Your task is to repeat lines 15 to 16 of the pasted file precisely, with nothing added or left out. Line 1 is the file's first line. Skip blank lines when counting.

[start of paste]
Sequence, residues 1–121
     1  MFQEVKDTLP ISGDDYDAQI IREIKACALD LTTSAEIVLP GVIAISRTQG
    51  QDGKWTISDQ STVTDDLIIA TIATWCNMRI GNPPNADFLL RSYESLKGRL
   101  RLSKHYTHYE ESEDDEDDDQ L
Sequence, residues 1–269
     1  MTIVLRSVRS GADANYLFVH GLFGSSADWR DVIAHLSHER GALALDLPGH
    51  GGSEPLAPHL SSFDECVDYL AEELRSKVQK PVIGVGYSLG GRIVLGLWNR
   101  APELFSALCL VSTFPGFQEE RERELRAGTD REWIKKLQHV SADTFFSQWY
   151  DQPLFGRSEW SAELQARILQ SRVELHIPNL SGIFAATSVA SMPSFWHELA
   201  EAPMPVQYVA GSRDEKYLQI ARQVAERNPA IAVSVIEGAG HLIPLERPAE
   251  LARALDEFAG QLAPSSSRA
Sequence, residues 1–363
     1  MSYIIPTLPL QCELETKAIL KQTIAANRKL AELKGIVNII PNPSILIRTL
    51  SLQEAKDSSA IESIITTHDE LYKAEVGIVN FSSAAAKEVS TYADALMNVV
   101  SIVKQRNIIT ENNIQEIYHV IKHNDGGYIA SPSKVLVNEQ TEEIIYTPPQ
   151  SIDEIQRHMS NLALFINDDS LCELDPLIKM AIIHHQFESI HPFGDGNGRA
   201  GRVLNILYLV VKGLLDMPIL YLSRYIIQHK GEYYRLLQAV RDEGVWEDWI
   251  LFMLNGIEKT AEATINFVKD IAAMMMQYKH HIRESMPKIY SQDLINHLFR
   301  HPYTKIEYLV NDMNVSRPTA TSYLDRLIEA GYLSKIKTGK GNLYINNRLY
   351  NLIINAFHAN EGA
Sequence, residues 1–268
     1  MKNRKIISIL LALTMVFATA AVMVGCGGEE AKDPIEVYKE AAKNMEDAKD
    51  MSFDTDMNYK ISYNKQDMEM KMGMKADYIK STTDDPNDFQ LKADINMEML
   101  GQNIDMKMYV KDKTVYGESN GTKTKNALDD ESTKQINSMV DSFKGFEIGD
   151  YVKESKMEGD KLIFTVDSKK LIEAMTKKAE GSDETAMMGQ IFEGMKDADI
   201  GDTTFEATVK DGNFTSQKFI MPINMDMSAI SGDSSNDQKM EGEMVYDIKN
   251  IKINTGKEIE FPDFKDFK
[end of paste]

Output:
   101  SIVKQRNIIT ENNIQEIYHV IKHNDGGYIA SPSKVLVNEQ TEEIIYTPPQ
   151  SIDEIQRHMS NLALFINDDS LCELDPLIKM AIIHHQFESI HPFGDGNGRA